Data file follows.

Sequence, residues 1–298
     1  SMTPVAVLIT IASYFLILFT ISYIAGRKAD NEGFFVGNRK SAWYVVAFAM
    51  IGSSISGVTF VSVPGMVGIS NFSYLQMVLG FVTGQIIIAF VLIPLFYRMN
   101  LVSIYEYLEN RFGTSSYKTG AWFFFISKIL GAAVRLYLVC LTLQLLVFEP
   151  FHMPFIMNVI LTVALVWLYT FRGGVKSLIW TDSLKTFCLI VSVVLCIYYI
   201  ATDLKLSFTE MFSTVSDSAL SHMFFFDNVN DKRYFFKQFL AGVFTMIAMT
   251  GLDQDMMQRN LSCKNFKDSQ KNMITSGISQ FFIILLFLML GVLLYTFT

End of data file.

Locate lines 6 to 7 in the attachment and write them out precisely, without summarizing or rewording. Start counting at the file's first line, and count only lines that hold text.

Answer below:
   201  ATDLKLSFTE MFSTVSDSAL SHMFFFDNVN DKRYFFKQFL AGVFTMIAMT
   251  GLDQDMMQRN LSCKNFKDSQ KNMITSGISQ FFIILLFLML GVLLYTFT